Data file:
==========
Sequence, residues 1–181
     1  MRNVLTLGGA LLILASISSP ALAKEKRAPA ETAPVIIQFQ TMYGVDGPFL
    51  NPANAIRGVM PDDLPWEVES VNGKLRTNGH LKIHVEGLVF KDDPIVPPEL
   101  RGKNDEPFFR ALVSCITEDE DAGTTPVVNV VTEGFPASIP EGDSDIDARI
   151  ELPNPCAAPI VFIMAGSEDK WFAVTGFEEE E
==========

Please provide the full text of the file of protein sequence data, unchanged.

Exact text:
Sequence, residues 1–181
     1  MRNVLTLGGA LLILASISSP ALAKEKRAPA ETAPVIIQFQ TMYGVDGPFL
    51  NPANAIRGVM PDDLPWEVES VNGKLRTNGH LKIHVEGLVF KDDPIVPPEL
   101  RGKNDEPFFR ALVSCITEDE DAGTTPVVNV VTEGFPASIP EGDSDIDARI
   151  ELPNPCAAPI VFIMAGSEDK WFAVTGFEEE E